with machine learning, statistics and software
The Gaia satellite is revolutionising our understanding of the Milky Way, with around 1 billion reliable sources in the latest release (DR3). Thousands of star clusters can be found within this data, but doing so requires efficient ways to autonomously and reliably search through it. I used clustering algorithms to create the largest ever catalogue of star clusters within our own galaxy.
It's important to not only catalogue star clusters but to do so as reliably as possible. To enhance our catalogue, I'm working on statistical ways to validate star clusters based on their density, photometry, and dynamical properties. This uses a range of techniques, including a Bayesian convolutional neural network and a statistical model for whether or not a candidate cluster is gravitationally bound.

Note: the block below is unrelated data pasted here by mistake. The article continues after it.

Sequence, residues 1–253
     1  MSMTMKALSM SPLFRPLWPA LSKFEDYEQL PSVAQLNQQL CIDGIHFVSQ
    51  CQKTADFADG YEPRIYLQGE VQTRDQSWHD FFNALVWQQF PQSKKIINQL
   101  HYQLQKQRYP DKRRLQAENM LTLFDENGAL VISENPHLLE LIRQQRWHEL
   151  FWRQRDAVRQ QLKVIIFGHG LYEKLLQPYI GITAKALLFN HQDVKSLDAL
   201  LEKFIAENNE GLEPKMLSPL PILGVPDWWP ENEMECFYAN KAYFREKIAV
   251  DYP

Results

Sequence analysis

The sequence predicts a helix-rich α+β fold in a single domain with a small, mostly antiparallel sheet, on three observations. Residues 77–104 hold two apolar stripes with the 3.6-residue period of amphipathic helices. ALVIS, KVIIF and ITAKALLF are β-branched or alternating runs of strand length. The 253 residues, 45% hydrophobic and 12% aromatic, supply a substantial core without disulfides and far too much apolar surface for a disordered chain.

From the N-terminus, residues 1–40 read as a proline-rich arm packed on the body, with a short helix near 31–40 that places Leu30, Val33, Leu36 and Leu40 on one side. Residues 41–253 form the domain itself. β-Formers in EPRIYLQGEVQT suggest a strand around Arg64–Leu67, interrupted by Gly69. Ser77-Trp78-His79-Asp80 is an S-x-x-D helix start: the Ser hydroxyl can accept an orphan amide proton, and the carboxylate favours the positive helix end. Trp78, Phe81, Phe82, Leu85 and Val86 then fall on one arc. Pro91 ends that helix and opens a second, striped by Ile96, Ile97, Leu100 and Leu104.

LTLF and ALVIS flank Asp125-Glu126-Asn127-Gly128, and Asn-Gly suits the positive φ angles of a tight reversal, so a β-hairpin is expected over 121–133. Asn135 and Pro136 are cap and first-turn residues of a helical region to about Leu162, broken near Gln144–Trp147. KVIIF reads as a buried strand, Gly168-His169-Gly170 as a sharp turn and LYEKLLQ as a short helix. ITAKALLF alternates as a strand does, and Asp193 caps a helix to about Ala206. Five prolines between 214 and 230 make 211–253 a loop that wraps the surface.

Open source software has been key to my PhD, and I'd really love to give some things back to the community. All of the code from my PhD will be open sourced in the near future - watch this space! In addition, I'm currently developing open source software to help astronomers communicate on the Bluesky social network.
Here's some other stuff I did before my PhD.
For a summer internship, I wrote a Bayesian inference pipeline to determine extinctions and a PL relation for Milky Way Cepheids.